FOOD AND HEALTH | Taking vacations is important for your health

Memorial Day weekend used to be the traditional kickoff for summer getaways. But for millions of Americans, going on a vacation or even taking a few days off here and there is a luxury they can ill afford. Among the 20 most-developed countries in the world, the United States ranks dead last when it comes to recreation.

Unlike in Europe, where paid vacations of 20 to 30 days annually are the norm and guaranteed by law, the labor standards in this country generally do not require employers to provide such benefits. What’s more, even those lucky Americans who are entitled to paid time off often forego part of it.

There is no doubt that American workers, including millions of immigrants who have chosen the American way of life, have a particularly strong work ethic. But countries like Sweden or Germany, not exactly known as slackers, have fared well with their mandatory vacation policies, without losing their competitive edge.

In fact, according to the latest report on global economic competitiveness by the World Economics Forum, the United States came in only fourth behind Switzerland, Sweden and Singapore. And even Canada, a country that is arguably closest to us in culture and lifestyle, mandates a minimum of 10 days vacation time per year for all its workers.
So what makes Americans so much less inclined to quit work and relax for a few weeks or even just days on end?

For low-income workers, it’s primarily a question of money. Those are typically the ones with the least benefits, including paid vacation or sick-leave time. For others, it’s fear they could be passed over for promotions or even lose their jobs if they are absent too often or too long.

Some think it’s not worth the extra hassle to tie up loose ends before they leave or catch up after they return. And there may be a few who just don’t know what to do with themselves outside of work.

In need of a reprieve
What’s often not discussed is that not taking time off regularly can lead to serious health problems. The results are comparable to chronic stress, when there is no reprieve — not just from one’s workload but also from repetitive routines.

Often people get into a mindless routine at work and home, which can be broken if they distance themselves once in a while, said Dr. Ellen Langer, a psychology professor at Harvard University, in an interview with CNN on the health benefits of vacationing and travel.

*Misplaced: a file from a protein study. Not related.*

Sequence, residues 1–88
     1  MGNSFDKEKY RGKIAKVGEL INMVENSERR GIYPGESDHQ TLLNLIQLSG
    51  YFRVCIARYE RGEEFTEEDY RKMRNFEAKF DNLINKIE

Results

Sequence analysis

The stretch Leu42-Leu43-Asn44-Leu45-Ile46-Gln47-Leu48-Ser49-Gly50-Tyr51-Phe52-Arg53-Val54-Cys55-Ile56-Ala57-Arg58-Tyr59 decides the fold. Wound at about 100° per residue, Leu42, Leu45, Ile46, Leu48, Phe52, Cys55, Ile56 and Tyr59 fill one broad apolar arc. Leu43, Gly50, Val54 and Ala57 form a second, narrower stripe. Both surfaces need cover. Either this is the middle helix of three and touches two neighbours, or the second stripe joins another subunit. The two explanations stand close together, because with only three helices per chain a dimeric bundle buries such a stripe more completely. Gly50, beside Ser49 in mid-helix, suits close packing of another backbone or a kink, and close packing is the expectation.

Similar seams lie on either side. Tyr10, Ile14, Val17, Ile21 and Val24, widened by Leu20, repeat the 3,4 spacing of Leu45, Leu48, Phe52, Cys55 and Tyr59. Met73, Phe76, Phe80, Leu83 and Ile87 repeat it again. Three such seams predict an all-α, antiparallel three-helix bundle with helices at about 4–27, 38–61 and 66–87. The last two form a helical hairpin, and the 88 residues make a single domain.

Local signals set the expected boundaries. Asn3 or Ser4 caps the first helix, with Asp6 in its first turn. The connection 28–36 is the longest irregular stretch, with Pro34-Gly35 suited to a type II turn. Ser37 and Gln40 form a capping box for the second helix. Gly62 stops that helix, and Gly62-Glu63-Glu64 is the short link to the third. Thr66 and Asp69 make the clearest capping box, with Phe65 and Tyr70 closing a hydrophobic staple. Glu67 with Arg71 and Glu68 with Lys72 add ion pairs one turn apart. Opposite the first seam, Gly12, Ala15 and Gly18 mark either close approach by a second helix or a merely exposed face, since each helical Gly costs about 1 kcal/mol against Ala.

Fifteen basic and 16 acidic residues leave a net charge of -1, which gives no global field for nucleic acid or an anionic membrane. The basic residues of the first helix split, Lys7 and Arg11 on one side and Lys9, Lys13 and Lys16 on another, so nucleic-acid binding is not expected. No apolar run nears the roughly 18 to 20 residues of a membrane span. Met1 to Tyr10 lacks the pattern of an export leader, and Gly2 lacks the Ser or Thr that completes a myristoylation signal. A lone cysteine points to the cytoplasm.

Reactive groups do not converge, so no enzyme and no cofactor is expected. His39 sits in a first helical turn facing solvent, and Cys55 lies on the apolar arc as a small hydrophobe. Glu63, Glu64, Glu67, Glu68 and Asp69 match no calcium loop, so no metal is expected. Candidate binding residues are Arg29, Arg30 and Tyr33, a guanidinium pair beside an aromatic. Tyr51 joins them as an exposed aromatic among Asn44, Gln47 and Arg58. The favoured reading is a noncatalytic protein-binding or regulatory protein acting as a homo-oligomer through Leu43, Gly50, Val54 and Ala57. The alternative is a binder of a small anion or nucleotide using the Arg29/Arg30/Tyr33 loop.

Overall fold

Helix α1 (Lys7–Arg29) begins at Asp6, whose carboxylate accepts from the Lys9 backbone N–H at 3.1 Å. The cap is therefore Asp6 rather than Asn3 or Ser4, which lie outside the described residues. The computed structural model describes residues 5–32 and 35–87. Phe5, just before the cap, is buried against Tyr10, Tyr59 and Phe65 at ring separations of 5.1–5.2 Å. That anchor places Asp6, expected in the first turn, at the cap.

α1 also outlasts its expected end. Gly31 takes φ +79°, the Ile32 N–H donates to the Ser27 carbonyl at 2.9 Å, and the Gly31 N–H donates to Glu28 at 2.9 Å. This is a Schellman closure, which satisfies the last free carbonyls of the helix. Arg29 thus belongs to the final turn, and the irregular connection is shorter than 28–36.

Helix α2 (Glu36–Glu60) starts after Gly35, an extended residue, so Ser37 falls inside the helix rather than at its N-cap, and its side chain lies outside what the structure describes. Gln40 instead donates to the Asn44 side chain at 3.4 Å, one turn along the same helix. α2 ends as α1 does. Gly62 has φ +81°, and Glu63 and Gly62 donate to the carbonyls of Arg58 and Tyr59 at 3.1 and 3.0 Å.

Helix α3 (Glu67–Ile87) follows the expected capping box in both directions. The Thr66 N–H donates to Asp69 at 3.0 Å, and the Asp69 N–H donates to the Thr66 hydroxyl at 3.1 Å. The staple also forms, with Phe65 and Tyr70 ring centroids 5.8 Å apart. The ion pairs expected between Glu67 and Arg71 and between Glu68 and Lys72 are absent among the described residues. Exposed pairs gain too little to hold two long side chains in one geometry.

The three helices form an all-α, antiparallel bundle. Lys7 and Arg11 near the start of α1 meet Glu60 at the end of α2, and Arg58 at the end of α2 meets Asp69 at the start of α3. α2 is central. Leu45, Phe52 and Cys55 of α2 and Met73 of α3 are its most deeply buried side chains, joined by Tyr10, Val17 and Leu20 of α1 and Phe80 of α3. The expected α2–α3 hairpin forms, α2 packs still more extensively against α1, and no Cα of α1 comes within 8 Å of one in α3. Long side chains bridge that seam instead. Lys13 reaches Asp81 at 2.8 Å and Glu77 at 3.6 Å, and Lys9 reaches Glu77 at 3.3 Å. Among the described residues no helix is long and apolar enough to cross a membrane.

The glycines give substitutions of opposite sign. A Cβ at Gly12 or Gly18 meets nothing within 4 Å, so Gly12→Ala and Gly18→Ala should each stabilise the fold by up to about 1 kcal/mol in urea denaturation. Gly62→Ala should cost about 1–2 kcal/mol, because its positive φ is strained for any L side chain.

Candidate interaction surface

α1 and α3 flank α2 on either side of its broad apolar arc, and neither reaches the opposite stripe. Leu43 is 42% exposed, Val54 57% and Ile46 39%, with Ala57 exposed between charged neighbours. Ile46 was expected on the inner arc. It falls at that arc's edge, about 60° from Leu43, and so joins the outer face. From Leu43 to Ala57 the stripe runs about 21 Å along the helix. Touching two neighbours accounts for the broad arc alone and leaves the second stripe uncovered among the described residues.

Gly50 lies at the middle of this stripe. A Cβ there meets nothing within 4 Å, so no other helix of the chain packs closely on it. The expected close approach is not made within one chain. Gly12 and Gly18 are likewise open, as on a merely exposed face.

Uninterrupted routines tend to result in boredom, which hinders creativity and mindfulness, she said, and is, therefore, counterproductive. By contrast, having new and interesting experiences on a trip, for example, can be brought back to the workplace and enhance one’s performance.

But it’s not just mental health that must be restored on occasion. Chronic stress takes its toll on the body’s ability to resist infections, maintain vital functions and even the ability to avoid injuries, according to Dr. Susan Krauss Whitbourne, a professor for psychology at the University of Massachusetts Amherst and contributor to Psychology Today.

“When you’re stressed out and tired, you are more likely to become ill, your arteries take a beating and you’re more likely to have an accident. Your sleep will suffer, you won’t digest your food as well and even the genetic material in the cells of your body may start to become altered in a bad way.”

And mentally, she said, “not only do you become more irritable, depressed and anxious, but your memory will become worse and you’ll make poorer decisions. You’ll also be less fun to be with, causing you to become more isolated, lonely and depressed.”

A vacation from vacation?
For these reasons and others, your vacation — should you decide on taking one — must not end up causing you even more stress.

If you travel somewhere away from home, I recommend choosing a destination that is truly different from your familiar surroundings. It doesn’t have to be a deserted island — just unlike what you’re used to.

Leave your Smartphone and laptop behind, so you cannot be reached from the office and won’t be tempted to “check in” every so often.

Don’t get involved in too many activities — even though they seem fun — if they turn your vacation into another hectic event.

Live in the moment, and make the most of each day. Focus on all the things you never seem to have enough time for, such as leisure, pleasure, conversation, etc.

If all or most of this seems impossible to you, perhaps it’s time to rethink your priorities.

TIMI GUSTAFSON, R.D., a registered dietitian and health counselor, is the author of “The Healthy Diner: How to Eat Right and Still Have Fun.” Visit her website: To comment on this column, write to[[In-content Ad]]